On 22, 23 and 24 July 2015, the Sydney Symphony Orchestra again present the work – this time under Vasily Petrenko, at the Sydney Opera House Concert Hall, in a program with Tchaikovsky and Rachmaninov. Click here for details of the concert, tickets and to read more about Sound Lur and Serpent.

ABC Classic FM will broadcast the concert on Saturday 25 July at 1pm (EAT). Click here for broadcast details or to listen online.

Read a lot more about the work and watch a performance from Beijing’s National Centre for Performing Arts by the SSO/Robertson by following this link to an earlier blog:

Premiere of Le Molière Imaginaire for eight voices

Andrew Schultz – Le Molière Imaginaire for eight voices, Opus 99 (2015)

Text by Timothy Knapman, after the final scene of Molière’s Le Malade Imaginaire. Composed for brilliant English vocal group I Fagiolini, as part of Musica Viva Australia’s 2015 International Concert Season. Commissioned for Musica Viva Australia by Geoff Stearn. World premiere performances in late July and early August 2015 in Sydney, Melbourne, Canberra, Newcastle, Perth and Adelaide. Click here for details of when and where, and how to book a ticket.


Do you like the sight of blood

In a trickle, spurt or flood?

And would you like to disembowel,

Amputate and do such foul

Things that, in the aftermath,

Would get you labelled “psychopath”?

You could learn to be a doctor.

Causing pain’s their stock-in-trade!

[Prologue, Le Molière Imaginaire. Timothy Knapman – text, Andrew Schultz – music.]

Composer’s note:

Molière hated doctors and it seems the feeling was mutual. Molière’s play Le Malade Imaginaire (The Imaginary Invalid, 1673) was his last. He was seriously ill when writing it and died a few hours after a performance in which he had played the major role of Argan, the wealthy hypochondriac. Throughout the play, Molière heaps scathing wit on the money-raking quackery of his medical contemporaries. Some 25 years later, an English doctor visiting Paris considered Molière to have had ‘as much malice as wit.’

The last scene of the play is in fact a musical interlude – one of three in the play. It consists of a faux medical graduation ceremony in which a budding doctor is put through his paces by the medical fraternity and tested on his capacity to provide the right solutions to various hypothetical scenarios. In keeping with the spirit of farce the ceremony is enacted in bizarre pig-Latin – not quite Latin, French or Italian, but a mixture of all three signifying the pomposity of the occasion. The medical ceremonies of the time were apparently quite elaborate with music, costumes, processions and speeches in Latin.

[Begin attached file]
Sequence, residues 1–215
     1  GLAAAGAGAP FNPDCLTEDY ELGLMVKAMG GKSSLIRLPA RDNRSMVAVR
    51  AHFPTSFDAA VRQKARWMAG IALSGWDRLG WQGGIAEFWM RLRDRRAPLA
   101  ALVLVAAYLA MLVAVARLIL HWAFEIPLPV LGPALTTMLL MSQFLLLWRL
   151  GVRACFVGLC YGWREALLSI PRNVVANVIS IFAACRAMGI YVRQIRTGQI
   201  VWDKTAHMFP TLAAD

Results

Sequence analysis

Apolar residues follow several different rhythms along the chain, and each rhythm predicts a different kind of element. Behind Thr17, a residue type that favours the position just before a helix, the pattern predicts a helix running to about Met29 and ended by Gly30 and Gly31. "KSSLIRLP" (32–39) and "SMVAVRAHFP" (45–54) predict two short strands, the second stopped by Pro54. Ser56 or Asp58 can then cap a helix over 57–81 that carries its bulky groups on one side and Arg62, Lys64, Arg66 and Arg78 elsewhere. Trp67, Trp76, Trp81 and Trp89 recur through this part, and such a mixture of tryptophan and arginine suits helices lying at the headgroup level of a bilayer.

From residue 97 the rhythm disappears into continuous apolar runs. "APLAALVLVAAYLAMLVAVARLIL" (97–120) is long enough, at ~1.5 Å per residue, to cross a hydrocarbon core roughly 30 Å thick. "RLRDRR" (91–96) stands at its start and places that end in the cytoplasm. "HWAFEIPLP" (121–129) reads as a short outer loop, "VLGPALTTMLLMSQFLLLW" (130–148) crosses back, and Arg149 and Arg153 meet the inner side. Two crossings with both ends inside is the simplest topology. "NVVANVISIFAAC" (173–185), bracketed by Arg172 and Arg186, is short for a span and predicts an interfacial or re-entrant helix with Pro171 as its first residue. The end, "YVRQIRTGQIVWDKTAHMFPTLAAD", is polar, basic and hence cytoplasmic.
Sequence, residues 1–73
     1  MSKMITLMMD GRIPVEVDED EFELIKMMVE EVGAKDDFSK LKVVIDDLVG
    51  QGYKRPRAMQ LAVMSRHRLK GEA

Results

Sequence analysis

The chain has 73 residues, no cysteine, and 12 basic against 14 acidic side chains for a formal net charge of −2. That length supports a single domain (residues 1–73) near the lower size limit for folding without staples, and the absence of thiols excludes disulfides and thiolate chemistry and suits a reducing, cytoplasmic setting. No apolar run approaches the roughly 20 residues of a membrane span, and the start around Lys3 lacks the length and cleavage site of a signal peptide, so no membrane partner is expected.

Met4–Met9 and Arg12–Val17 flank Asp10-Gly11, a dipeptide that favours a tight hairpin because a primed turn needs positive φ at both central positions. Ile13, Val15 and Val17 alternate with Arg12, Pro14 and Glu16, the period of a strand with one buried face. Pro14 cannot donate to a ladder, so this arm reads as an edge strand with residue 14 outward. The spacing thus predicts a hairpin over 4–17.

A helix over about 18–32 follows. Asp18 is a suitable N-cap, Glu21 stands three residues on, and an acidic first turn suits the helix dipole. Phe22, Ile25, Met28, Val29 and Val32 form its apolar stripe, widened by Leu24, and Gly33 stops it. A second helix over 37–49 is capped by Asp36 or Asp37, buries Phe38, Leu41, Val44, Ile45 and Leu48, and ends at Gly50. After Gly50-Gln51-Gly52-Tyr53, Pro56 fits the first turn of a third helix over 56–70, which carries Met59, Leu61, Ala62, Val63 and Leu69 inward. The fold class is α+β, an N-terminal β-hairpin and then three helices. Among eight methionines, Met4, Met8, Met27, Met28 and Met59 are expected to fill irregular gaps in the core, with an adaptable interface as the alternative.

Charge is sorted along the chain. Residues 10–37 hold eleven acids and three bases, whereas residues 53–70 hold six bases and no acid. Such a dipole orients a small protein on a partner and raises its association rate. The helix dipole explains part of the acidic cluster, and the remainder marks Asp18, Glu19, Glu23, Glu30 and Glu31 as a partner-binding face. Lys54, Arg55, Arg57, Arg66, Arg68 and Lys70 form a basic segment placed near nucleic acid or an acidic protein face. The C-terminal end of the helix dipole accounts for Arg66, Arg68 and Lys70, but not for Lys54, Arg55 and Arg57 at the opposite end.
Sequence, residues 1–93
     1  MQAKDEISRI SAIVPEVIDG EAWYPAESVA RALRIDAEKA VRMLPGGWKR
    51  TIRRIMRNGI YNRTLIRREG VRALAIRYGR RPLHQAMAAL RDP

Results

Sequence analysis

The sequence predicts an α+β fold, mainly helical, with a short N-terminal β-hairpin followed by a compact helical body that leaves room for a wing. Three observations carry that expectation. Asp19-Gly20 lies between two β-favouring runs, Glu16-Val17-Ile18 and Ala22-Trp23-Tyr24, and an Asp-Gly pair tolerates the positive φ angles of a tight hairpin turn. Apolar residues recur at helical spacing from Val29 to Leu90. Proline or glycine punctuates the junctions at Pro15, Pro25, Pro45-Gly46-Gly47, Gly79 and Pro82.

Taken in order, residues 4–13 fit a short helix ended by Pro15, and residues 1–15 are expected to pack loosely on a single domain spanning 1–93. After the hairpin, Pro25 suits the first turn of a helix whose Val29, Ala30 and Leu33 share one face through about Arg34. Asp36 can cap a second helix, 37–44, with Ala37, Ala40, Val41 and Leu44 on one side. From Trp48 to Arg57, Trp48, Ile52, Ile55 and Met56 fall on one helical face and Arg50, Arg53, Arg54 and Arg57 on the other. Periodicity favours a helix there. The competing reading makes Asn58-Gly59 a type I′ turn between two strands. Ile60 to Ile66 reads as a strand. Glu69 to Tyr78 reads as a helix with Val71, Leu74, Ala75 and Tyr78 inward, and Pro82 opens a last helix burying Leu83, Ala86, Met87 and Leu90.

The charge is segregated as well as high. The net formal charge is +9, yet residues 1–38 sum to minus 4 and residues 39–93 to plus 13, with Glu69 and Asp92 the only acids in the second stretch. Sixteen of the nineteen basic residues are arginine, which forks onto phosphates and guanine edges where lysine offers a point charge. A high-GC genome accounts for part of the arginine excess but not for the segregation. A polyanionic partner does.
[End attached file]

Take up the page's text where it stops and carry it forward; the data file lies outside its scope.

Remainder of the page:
Whilst living in Paris at the Cité des Arts in 2014, I became interested in the fact that neither of the two main English translations of the play attempted an English version of this last scene; both leave the final scene in its original form. Perhaps this was because of the bizarre dexterity of the language or the idea that it somehow would be known and understood because of the Latin. So, after much encouragement and support from I Fagiolini’s erudite artistic director, Robert Hollingworth, and the aid of some Latinistas and Molière enthusiasts a new and contemporary version of the scene has been created by the English writer, Tim Knapman and myself for unaccompanied voices.

Andrew Schultz.

Carl Vine’s review of the premiere:

More information:

ABC Classic Fm will broadcast the concert by I Fagiolini, including Le Moliére Imaginaire, at 1pm on Thursday 20 August:

August Offensive with the TSO

The Tasmanian Symphony Orchestra (TSO), conducted by Garry Walker, present the Australian premiere of Andrew Schultz’s August Offensive on Friday 27 March at 7:30pm in the Federation Concert Hall, Hobart, in their Master Series concert.



Schultz- August Offensive

Elgar- Cello Concerto (Nicolas Alstaedt, cello soloist)


Kelly- Elegy

Elgar- Enigma Variations

Read more about August Offensive and its premiere at Gallipoli in 2013:

More details from the TSO about the program and the works:

ABC Classic Fm broadcast this concert at 1:00pm on ANZAC Day, April 25, 2015:

Hear an excerpt of the music and read a brief interview about the piece and the Gallipoli Symphony project:

Read Gordon Williams program note for August Offensive.

The Meaning of Water in Sydney

“But the new composition of The Meaning of Water by Andrew Schultz was I felt a masterpiece. It was like a water instrument with gurglings and churnings and words can’t describe it.”
[“7 Women – 7 Harps”, Live Journal,  27 June 2006]


Premiered by the extraordinary SHE – Seven Harp Ensemble (director, Alice Giles) at the American Harp Congress in San Francicso in 2006, The Meaning of Water has attracted frequent performances and broadcasts in Australia and the USA. SHE have recorded the work plus other new pieces (including pieces by Larry Sitsky and Martin Wesley Smith) on the Tall Poppies CD, “Bolmimerie” (TP204). SHE presents The Meaning of Water in their Sydney concert for Musica Viva on Tuesday 10 March 2015.

The Meaning of Water follows…seamlessly, with simple melodic fragments tossed around on rippling, surging figurations.”